Maldives

Maldives

Encouraging results, promises to keep

The government led by Abdulla Yameen, who was elected president in 2013, was very hostile to press freedom and Maldives fell steadily in the World Press Freedom Index, from 103rd in 2013 to 120th in 2018. His defeat by challenger Mohamed Solih in the presidential election in September 2018 raised hopes because Solih had given some specific pledges on improving press freedom. An initial promise was kept: two months after the elections, parliament repealed the draconian 2016 law on defamation, which had been widely used by the previous government to harass independent media outlets, especially Raajje TV, which had to pay a total of 215,000 euros in fines for allegedly defaming Yameen. The police continue to use physical violence against journalists covering demonstrations but there has been some encouraging progress in the fight against impunity. The investigations into the disappearance of the journalist Ahmed Rilwan Abdulla in August 2014 and the fatal stabbing of the blogger Yameen Rasheed in April 2017 have advanced significantly even though they have yet to reach a satisfactory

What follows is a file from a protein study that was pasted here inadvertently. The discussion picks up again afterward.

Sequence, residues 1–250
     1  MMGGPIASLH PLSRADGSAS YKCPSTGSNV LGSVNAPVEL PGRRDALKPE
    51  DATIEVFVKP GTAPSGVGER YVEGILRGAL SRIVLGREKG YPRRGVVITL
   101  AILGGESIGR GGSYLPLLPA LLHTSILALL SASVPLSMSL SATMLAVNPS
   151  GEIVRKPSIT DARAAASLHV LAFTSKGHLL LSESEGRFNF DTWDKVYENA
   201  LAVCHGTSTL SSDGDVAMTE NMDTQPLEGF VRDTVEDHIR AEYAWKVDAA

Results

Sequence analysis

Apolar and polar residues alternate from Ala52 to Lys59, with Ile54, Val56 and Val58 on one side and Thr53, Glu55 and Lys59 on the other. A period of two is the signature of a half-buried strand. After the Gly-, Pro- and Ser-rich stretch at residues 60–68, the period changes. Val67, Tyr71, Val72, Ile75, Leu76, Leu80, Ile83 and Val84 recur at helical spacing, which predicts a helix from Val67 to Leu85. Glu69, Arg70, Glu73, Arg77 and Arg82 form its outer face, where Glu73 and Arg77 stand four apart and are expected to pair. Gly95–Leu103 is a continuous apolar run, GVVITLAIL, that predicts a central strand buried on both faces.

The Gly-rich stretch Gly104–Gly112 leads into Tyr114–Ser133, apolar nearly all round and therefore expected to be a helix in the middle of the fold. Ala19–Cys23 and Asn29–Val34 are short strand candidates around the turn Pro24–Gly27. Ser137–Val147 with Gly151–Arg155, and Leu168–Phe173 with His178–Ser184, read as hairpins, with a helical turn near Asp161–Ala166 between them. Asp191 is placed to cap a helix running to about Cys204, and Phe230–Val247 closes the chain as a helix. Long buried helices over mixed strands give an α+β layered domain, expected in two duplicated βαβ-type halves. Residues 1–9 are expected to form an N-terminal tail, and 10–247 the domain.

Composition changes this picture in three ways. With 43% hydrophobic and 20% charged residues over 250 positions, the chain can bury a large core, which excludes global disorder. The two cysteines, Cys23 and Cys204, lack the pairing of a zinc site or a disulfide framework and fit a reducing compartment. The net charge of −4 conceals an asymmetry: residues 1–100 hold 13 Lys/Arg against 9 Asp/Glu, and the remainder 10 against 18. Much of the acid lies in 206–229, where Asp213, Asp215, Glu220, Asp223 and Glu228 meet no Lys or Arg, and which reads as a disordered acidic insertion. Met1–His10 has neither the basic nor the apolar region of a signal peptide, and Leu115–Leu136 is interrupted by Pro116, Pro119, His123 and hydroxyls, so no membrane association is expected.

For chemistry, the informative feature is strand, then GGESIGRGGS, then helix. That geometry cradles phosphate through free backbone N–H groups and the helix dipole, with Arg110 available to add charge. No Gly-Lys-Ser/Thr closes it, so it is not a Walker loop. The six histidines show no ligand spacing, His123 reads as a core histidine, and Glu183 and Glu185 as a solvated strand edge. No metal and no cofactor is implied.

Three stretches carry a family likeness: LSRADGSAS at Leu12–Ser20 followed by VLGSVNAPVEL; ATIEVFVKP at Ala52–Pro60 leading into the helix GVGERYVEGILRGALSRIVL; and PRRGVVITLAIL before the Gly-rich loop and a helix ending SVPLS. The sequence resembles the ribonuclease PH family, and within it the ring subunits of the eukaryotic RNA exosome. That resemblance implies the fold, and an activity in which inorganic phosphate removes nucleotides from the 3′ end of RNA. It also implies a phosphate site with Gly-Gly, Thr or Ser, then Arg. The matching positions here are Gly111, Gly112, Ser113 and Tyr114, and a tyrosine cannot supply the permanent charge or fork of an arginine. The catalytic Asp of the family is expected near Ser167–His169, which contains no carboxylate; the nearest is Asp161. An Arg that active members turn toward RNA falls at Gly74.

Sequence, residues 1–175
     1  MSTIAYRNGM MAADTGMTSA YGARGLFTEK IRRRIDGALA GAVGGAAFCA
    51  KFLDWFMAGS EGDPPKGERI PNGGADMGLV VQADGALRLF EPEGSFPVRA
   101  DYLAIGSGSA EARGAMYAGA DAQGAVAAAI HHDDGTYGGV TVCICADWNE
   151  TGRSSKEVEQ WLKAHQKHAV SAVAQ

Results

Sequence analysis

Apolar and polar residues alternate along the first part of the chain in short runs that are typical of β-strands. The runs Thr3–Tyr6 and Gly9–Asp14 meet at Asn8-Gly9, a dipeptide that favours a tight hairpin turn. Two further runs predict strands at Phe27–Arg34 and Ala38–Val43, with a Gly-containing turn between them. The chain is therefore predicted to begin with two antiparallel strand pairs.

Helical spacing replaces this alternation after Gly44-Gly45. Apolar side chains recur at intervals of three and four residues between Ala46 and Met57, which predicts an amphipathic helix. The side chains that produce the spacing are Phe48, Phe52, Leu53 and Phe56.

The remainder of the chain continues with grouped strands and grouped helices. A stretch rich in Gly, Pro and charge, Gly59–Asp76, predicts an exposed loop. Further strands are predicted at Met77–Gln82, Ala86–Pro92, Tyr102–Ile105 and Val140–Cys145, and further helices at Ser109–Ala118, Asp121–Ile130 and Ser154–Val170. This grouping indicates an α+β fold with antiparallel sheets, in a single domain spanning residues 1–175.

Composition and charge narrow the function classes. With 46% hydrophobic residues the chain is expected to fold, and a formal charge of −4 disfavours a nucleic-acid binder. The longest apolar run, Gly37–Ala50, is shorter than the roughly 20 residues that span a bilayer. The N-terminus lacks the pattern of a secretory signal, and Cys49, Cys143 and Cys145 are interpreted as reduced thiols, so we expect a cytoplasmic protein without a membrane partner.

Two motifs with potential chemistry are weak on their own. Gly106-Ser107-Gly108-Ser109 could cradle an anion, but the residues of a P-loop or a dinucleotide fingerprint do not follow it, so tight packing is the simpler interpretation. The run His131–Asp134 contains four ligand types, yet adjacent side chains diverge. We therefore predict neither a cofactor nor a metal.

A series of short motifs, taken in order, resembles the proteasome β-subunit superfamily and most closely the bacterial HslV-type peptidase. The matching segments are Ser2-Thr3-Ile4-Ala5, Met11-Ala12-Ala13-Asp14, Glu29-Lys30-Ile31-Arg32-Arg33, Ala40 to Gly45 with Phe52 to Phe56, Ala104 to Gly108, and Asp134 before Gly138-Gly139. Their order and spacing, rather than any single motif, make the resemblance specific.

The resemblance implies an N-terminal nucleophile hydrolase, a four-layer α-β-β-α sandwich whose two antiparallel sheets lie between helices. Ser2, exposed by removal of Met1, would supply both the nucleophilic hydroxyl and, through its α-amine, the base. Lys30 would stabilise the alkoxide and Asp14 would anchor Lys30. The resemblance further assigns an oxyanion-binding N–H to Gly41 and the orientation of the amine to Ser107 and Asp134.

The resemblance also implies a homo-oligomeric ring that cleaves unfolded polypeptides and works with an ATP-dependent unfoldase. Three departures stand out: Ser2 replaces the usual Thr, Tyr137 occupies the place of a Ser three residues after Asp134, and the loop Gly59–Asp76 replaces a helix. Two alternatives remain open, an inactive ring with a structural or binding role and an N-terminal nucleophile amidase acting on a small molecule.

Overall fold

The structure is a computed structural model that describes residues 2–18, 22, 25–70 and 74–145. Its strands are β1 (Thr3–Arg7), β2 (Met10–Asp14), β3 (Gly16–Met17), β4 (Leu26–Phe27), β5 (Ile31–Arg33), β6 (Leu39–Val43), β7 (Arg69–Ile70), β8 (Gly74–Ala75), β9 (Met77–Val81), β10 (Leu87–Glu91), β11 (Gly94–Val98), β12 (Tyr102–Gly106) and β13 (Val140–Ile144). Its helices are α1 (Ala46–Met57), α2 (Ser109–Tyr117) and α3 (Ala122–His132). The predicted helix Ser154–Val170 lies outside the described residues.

79
in the 2020 World Press Freedom Index

Ranking

+19

98 in 2019

Global score

-2.23

32.16 in 2019

  • 0
    journalists killed in 2021
  • 0
    citizens journalists killed in 2021
  • 0
    media assistants killed in 2021
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